Abu Dhabi's farmers face curbs on water use
ABU DHABI // Farmers face curbs on their use of ground water next year as Abu Dhabi's's dwindling supplies reach a "tipping point".
Agriculture is the largest consumer of ground water and while measures to increase its efficiency are having an effect, more needs to be done, said Razan Al Mubarak, secretary general of the Environment Agency Abu Dhabi.
"We are reaching a tipping point and we really have to act," Ms Al Mubarak told delegates to the International Water Summit.
She said one option was to update an existing law from 2006 that gives the agency the right to oversee ground-water wells. The law was followed by a decree banning the drilling of any new wells.
Ms Al Mubarak said the law could be amended to give the agency authority over how much water users were allowed to take from each well, and to deal with the illegal sale of ground water by well-owners.
"We would like to give the agency more authority to better regulate such incidents," she said.
Laid down in underground aquifers up to 10,000 years ago during the last Ice Age, Abu Dhabi's ground-water reserves recharge so slowly that they are in effect non-renewable, she warned.
"In areas of Abu Dhabi such as Al Ain, Al Shweib and Liwa, 50 years ago groundwater was easily accessible," she said.
"The groundwater was between half a metre and a metre below the surface and wells could be dug by hand," Ms Al Mubarak said.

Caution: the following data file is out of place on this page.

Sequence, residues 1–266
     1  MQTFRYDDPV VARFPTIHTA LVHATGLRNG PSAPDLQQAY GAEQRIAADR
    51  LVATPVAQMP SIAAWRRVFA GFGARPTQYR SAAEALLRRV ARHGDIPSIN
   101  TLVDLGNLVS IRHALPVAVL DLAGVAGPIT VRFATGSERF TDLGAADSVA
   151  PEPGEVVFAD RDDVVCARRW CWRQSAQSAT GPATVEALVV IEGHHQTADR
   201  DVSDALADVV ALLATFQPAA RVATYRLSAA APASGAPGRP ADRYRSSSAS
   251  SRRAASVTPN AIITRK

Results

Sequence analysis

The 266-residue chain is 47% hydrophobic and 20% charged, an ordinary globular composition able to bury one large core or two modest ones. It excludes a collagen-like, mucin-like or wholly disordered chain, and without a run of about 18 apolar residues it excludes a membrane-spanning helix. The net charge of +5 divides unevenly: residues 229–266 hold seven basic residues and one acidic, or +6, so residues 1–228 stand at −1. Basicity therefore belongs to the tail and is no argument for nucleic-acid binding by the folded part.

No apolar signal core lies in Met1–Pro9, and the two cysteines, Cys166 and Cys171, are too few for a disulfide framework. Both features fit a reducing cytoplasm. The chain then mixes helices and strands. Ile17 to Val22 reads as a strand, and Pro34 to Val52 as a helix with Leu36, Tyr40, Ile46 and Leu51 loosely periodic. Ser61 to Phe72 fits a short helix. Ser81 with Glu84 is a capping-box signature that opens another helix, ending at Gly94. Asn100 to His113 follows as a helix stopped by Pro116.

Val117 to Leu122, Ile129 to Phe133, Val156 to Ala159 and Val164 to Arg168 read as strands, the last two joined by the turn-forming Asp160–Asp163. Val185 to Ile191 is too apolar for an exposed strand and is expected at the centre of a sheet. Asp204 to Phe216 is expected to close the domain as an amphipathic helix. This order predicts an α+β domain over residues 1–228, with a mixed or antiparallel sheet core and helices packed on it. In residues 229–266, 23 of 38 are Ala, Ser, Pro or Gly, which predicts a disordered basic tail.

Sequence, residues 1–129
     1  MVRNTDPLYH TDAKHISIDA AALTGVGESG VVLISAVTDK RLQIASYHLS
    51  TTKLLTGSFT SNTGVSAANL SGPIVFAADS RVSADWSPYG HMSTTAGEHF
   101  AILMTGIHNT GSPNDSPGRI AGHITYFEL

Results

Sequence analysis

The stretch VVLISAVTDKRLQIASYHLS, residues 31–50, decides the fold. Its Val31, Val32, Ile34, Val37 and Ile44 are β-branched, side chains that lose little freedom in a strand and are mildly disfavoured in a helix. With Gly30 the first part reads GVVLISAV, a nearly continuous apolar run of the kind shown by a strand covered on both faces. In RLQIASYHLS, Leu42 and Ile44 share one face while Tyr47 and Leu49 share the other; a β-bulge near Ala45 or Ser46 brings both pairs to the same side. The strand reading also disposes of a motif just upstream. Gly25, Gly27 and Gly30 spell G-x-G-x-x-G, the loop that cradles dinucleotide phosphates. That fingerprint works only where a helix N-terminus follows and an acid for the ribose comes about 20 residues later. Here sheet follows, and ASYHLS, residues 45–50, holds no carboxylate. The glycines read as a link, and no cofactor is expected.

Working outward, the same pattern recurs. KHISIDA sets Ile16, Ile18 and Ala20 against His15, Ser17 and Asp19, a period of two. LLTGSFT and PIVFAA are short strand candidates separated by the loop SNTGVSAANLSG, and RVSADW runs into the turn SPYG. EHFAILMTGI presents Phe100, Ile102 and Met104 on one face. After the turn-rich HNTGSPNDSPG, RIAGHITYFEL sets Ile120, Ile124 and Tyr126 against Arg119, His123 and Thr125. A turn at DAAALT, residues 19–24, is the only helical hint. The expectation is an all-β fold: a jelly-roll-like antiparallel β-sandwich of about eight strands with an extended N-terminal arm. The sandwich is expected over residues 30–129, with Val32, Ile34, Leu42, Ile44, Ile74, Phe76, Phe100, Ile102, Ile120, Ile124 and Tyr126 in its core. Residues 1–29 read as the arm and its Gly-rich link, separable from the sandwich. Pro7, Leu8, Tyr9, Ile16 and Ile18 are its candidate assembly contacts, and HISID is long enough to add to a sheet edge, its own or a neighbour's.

Overuse of the water for agriculture, forestry and the oil sector has tapped a substantial amount of the reserves and at some places ground water depletion is so significant that the water table has dropped by as much as five metres a year.
In 2011, total demand for water in Abu Dhabi was 3,313 million cubic metres. Two thirds, 67 per cent, of this demand was filled by ground water reserves, 29 per cent from desalinated water and 4 per cent from recycled water.
From 2009 to 2011 the amount of water used in irrigation fell by 7 per cent, possibly as a result of growing fewer water-intensive crops such as Rhodes grass. However, more needs to be done and the agency has made extending the life of Abu Dhabi's groundwater reserves a strategic priority.
In addition to possible changes to the law, other approaches supported by the agency involve supporting agriculture in greenhouses and the use of hydroponic systems, which can be as much as 80 per cent more water efficient.
While agriculture and forestry account for the bulk of Abu Dhabi's ground water use, experts suspect that most of the emirate's potable water, produced at desalination plants, is being used outdoors in private gardens and swimming pools, and for non-essential tasks such as car washing.
The emirate's Regulation & Supervision Bureau said last week that of three billion litres of water produced in Abu Dhabi every day in 2011, only about 680 million litres were returned to the sewage treatment system, with the rest unaccounted for.
Like the rest of the UAE and the Arabian Gulf, Abu Dhabi produces its potable water in combined-cycle desalination and power plants. This has significant environmental costs. In 2010, almost 30 per cent of greenhouse gas emissions in Abu Dhabi were produced by the power and water sector.
Inefficient use of potable water also has serious financial implications. In 2011, it cost on average Dh10.43 to produce a cubic metre of water through desalination. Emiratis receive water free, and expatriates are charged Dh2.2 a cubic metre. The difference is covered by the Government.
The International Water Summit, which is part of Abu Dhabi Sustainability Week, concludes today.